Stilled sounds from your bedroom check futile
gestures. Each time the window unlatches
oppressive air numbs my senses, leaden air
that’ll not suffer sounds anew of a voice departed
in unsullied peace, soft and smooth to my heart.
Sometimes windows open with a mysterious hush,
as if sounds were longing to fill a void, be present,
then stay their headlong rush towards my waiting ears.
Each time it’s the same, and the sounds are the same,
tender and magnetic in the stillness of memory.
If spontaneous sounds revisit, grief returns,
my profuse gestures tremble in the air,
sounds sounds sounds of an essence spent;
brief beats of silence become pain,
un-stilled stillness causing havoc in time’s flow.
Everything returns, sterile sorrow,
deafening singularities in endless succession.
My gestures don’t solve life’s riddle.
Muted sounds from your vacant room,
sounds sounds, those sounds will not return.
Time stands still in your gaze:
you survive in a descending spiral,
searching for preterite instants
in mnemonic pathways.
Your eyes don’t see the world
Your mind transmutes love in phantoms
Dementia, like the blind worm,
slides through tunnels in live matter.
Is your yoke easy? You don’t answer.
Destiny summons you with the mask of a woman.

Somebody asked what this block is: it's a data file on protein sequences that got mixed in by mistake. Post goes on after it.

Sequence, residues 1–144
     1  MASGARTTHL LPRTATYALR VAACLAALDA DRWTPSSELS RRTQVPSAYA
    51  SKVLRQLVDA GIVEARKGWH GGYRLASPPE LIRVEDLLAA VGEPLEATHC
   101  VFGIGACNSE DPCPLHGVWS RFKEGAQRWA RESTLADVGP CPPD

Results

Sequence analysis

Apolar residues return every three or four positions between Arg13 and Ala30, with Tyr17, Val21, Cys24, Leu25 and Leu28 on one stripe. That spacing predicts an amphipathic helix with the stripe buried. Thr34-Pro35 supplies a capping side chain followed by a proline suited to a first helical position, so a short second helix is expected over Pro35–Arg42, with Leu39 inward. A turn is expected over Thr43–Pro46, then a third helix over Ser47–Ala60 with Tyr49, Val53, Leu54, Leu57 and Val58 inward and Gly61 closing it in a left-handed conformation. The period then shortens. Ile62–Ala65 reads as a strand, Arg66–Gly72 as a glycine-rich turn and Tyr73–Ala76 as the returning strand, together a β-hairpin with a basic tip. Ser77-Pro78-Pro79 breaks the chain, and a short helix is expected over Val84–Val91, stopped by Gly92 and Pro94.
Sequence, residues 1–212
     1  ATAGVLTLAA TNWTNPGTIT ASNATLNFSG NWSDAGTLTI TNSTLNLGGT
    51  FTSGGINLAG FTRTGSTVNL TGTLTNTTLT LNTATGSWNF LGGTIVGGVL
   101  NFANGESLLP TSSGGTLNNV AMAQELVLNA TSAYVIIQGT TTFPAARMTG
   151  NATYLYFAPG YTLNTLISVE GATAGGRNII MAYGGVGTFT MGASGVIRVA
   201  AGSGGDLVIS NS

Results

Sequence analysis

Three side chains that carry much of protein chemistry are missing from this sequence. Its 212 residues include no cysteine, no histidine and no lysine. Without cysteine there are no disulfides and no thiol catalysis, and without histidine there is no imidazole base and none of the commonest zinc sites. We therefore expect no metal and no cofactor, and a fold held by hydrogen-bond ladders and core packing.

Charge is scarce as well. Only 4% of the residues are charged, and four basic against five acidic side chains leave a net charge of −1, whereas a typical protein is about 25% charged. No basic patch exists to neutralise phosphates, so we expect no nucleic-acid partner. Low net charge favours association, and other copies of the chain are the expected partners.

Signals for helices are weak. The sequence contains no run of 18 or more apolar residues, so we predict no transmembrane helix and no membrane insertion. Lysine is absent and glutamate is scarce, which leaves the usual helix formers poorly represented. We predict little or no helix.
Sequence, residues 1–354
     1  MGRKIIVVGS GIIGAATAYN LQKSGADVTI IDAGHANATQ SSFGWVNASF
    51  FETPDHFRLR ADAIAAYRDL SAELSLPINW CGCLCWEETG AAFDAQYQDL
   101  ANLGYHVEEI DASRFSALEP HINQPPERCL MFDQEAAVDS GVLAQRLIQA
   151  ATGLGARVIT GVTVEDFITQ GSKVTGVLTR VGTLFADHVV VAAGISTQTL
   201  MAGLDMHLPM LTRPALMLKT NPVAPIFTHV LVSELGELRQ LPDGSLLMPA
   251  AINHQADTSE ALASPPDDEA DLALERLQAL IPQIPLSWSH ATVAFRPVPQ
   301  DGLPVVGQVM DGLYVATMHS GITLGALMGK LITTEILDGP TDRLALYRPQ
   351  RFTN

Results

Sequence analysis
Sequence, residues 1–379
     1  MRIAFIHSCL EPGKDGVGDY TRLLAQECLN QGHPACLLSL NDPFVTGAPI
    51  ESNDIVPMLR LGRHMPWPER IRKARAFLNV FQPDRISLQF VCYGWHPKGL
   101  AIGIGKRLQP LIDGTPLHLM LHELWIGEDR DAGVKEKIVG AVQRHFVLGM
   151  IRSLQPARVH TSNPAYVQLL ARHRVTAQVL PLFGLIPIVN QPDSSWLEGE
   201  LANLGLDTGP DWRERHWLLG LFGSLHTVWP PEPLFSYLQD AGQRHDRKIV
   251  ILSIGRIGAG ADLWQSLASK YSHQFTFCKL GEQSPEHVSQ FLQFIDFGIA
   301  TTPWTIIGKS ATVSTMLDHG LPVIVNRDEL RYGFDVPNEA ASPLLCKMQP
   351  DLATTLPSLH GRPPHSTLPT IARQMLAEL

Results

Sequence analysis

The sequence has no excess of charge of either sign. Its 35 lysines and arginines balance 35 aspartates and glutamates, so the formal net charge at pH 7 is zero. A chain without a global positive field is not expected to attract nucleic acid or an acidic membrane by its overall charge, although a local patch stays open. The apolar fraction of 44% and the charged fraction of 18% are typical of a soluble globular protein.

Seeking an outlet, you carry a child’s rucksack
on an old man’s loins,
packed with unfathomable images of your yesterdays.
Your destiny is Amphitrite with a child in her arms.
Goddess of the Ocean,
she breastfeeds aquatic creatures
adrift in embryonic waters.
You must return to the cool green depths.
You will have peace.
I wipe garish makeup from your lips,
because you are stoned or drunk,
a loner in the silent metropolis.
You flush me down fauces,
labyrinths that man conceals
in a maze of urban paradoxes,
forgetful of my sacred heritage.
Unreal age, the rush and noise of city days,
when mums and lunch-hour dawdlers
unroll plastic mats or coats on grass,
to broil their skin with U.V. rays,
like sacrificial beasts on beer-can altars.
I’d not go willingly into the bowels
of doomed cities, palaces, taverns,
but gravity pulls me down hollows,
now and then a glimpse of sidewalks
above, of the homeless snoring
on thresholds, legs curled mindlessly
over iron gratings.
I spy a yellowish glow: a wedding-ring. Yours?
Your mascara was streaked with tears.
I flow past tatters, socks, foul jeans,
smegma of mangy bodies and cats,
I hear the squeals of mating rats
slinking in gutters, climbing and falling
swish swish swish
into my sludge to reach the sea.
A shoe-sole gasps and taps
at my oily edge, and is toppled over by a toad.
Chemically treated -H2O recycle mode-
I’m dumped in reservoirs and left to brew,
until breezy dawns spell hope
as I swirl into a realm of heavenly hues.
And yet -like Sisyphus- I must start over,
pushing not a rock but mammoth turbines
for city lights and the miracle of your tap water.
Sylvia Maclagan was born on an apple farm in the valley of Río Negro, Argentina. A bi-lingual poet she has been published widely in Spanish and English. Patagonia Lost, Books I and II were published by Mosaic Musings Publications in 2007. Maclagan was most recently published at Recently, Peace & Freedom Press.